Edible landscaping with Rosalind Creasy

Hearing Rosalind Creasy talk about edible landscaping for me was like dining in my favorite restaurant- let's say Cakes and Ale in Decatur- and having the chef note my particular preferences and biases and design the whole meal for me..... inspired, delicious, refined and served with elegant perfection.  Heaven.  not that she catered to me, just that it doesnt get any better.  Rosalind Creasy is the Maestra, the Grand Dame of this whole movement and her thoughts are so well seasoned, so dead-on, her portfolio exhilarating.

The Grand dame of Edible landscaping spoke at the opening of the Atlanta Botanical Garden's new edible landscape in the Spring of 2010.  It was a free lecture on a cool April evening with about 50 or so in attendance.  I had a chance to walk the new edible garden before the talk and it was... new.  For the 2.2 million they reportedly spent, I was honestly underwhelmed.  And edible landscape to me speaks of biodiversity, garden health teaming with life.   This was perhaps a bit sterile, though they were able to import some sizable plants to begin. To their credit, its brand new! Let's give them some time, but I just dont think its managed organically.

But to hear the woman speak!  Rosalind Creasy made a case for edible landscaping that was almost impossible to disagree with.  In her travels, she said, the world over she sees people growing their food just out of their front door step- fresher, healthier, tastier.  In Isreal, where she watched the arduous task of creating topsoil to cover sand dunes- 10 years for an acre? (im terrible with remembering stats) so they could struggle to grow food.  She thought of home and our luxurious space with topsoil still remaining and then how we are the only country who refuses, by unwritten cultural code, to do anything productive with that topsoil.  We must be out of our minds.  When you think of it this way: the temperate climate, the sun the good soil conditions, and then the common practice of guzzling chemicals and water to grow our prized monoculture: the lawn.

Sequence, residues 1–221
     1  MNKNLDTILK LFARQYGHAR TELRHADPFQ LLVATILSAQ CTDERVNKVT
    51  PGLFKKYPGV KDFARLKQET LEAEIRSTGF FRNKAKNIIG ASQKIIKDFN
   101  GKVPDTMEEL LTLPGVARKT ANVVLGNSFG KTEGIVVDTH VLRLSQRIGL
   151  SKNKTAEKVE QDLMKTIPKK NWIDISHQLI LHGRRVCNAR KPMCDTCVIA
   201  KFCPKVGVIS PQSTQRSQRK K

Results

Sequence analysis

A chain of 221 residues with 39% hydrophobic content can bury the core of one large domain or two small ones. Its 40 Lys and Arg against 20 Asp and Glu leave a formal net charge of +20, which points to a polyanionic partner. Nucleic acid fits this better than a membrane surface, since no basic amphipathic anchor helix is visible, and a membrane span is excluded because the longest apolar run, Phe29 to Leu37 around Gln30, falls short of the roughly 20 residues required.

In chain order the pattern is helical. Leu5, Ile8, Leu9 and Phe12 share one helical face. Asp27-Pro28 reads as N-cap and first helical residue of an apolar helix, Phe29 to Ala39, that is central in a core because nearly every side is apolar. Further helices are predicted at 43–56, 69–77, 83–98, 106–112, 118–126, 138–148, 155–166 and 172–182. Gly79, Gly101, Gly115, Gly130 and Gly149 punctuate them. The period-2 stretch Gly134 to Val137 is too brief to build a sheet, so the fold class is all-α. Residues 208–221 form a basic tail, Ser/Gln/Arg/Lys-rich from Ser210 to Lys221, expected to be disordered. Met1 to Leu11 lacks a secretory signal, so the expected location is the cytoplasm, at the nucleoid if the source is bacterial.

Shallow-rooted, starved, begging for acceptance and praise, the American lawn is the super-model of the landscape world.  Not the women themselves, but the caricature we've made them to be. We are working against ourselves, America, and against nature.  The chemical, monoculture lawn does nothing but support our cultural ideals, which are at best skewed... might I say completely perverse?

There is a place for open space, but let your lawn host clover and dandelion, plants that support honeybees and have deep roots that improve the soil and access water and nutrients from below.  Lots of our volunteer herbs (or weeds, depending on perspective) serve a purpose!  Creeping Charlie is known to clean the blood of lead.  I see it growing at the foundation of old homes where lead paint may have been scraped.  Chickweed contains calcium and protein!  (tastes like crap, but put it in a smoothie or salad....)

And around the open space, a border for lettuces, backed by fruiting shrubs of your choice.  I find part-shade to be a blessing in summer heat, where veggies will mostly grow.  My urban farm in Decatur (Sugar Creek Garden) is sunny for about 4-6 hours mid-day and we're producing hosts of tomatoes, beans and eggplant in our first season.  Also, pollinator flowers and medicinal herbs abound: echinacea, culver's root, st john's wort to name a few.

Pick up on of Rosalind Creasy's books.  The Edible Herb Garden is a favorite of mine, but cant wait until the next edition of Edible Landscaping comes out!

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